As the University of Utah’s truncated, COVID-impacted season approached last fall, Kyle Whittingham noted that the defense, specifically the secondary, was a question mark, and it was easy to understand why.
Those five secondary spots — two cornerbacks, the nickel back, and two cornerbacks — had zero career starts between them.
By the time the Utes’ five-game season concluded on Dec. 19 vs. Washington State, a few things were clear. The secondary, specifically the cornerbacks, had performed better than any reasonable expectation placed on them earlier that fall, and there is a lot of young, still-budding talent at those positions.
Furthermore, the secondary gained game experience in 2020 while not having to spend a year of eligibility doing it after the NCAA froze the eligibility clock in the face of the pandemic. So, instead of having no game experience, Utah is going through spring practice with its two primary cornerbacks, Clark Phillips III and JT Broughton, having started all five games, while Malone Mataele played in four games, including starting the last two at nickel.
“It was invaluable because on paper, it’ll be the same group,” longtime Utes cornerbacks coach Sharrieff Shah said Wednesday morning. “In terms of reps, game-time experience, it was absolutely invaluable. We can talk all day in the film room and go practice against our own guys, but when you have the opportunity to play a real game, make a real tackle, get a [pass breakup], get a potential interception as a young player, it develops and builds confidence that there is just no substitute for. It will pay massive dividends for us going forward.”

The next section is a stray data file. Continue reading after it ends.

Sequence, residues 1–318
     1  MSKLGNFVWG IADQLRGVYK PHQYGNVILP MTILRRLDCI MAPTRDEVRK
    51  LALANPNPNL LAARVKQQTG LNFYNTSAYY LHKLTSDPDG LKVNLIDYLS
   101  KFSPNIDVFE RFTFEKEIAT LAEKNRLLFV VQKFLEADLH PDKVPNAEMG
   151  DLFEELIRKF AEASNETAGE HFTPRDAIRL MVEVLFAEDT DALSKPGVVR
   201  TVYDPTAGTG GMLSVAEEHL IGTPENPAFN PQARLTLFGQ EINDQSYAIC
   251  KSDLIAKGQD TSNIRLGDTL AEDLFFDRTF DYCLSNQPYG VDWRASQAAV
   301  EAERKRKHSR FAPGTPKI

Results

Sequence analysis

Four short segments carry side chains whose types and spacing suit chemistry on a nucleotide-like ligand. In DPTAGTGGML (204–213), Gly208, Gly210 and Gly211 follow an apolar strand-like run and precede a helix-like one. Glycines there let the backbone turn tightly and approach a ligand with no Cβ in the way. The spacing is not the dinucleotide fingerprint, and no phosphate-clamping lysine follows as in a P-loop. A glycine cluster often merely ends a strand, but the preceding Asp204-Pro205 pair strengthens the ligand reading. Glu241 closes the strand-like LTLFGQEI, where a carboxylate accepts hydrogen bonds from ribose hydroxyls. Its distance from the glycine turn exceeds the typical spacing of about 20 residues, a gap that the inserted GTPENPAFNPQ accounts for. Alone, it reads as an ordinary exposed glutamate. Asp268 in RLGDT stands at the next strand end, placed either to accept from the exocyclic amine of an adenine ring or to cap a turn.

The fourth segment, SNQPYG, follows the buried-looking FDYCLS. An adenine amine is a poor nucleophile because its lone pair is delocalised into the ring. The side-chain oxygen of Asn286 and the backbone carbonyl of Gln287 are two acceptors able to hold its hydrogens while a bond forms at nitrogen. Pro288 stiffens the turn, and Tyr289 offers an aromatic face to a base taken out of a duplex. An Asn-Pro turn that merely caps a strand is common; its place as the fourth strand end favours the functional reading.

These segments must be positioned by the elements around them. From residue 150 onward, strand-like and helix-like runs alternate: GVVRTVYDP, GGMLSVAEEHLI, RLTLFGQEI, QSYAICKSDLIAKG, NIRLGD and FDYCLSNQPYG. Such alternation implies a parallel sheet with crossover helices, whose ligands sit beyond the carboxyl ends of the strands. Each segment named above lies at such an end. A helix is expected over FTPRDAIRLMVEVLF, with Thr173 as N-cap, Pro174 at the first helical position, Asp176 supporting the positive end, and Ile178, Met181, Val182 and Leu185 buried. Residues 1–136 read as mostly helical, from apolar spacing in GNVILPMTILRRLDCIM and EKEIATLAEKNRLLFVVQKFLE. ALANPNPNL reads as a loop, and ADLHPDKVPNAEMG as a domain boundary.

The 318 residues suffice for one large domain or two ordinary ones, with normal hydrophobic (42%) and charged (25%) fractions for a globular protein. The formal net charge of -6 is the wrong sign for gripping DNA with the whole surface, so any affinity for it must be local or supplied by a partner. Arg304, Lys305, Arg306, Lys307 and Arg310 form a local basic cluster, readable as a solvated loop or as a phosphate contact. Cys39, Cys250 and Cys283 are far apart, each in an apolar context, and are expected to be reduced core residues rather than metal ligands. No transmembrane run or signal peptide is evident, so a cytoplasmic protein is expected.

Broughton was among the pleasant surprises of last season’s defense, earning All-Pac-12 honorable mention honors, but Phillips III left 2020 just as he started it, with a bunch of hype.
The highest-rated recruit in program history, Phillips III finished his first freshman season with 25 tackles, a fumble recovery, three passes defensed and an interception.
That one interception went 36 yards the other way for a touchdown, capping a wild second-half comeback to end the season against the Cougars. Aside from the pick-six, Phillips had three tackles, the one fumble recovery, and two pass breakups, lending credence to the notion that he is the future star everyone thinks he is capable of being.
“I think it was a blessing because coming out this year, I’ll still be a freshman, and that’s after gaining great film,” Phillips said. “I made some mistakes that I think I’ll grow from, that I know I’ll grow from. As a team, we just gained five games of experience.”
Utah finished last season No. 2 in the Pac-12 and 37th nationally in total defense (365 yards per game), but just 10th and 99th, respectively in passing yards allowed (257.2 per game). That latter statistic indicates there is still much work to be done as a unit, but that doesn’t mean there isn’t optimism moving forward.
Shah on Wednesday referenced former Utes All-American cornerback Jaylon Johnson, who had a productive rookie season in 2020 with the Chicago Bears. Specifically, Shah noted how hard Johnson practiced all the time, and how he challenged Johnson to be great on every single practice, every single day. That is how Shah is trying to challenge this current crop of cornerbacks.
“I think what you try to look for now, even with a group that has a little bit of experience, is who is going to emerge as a leader,” Shah said. “I’m looking for, and pushing, to get a leader out of this young group. Clark Phillips and JaTravis Broughton, their leadership, just by how they conduct their business every day, is what’s getting exciting.”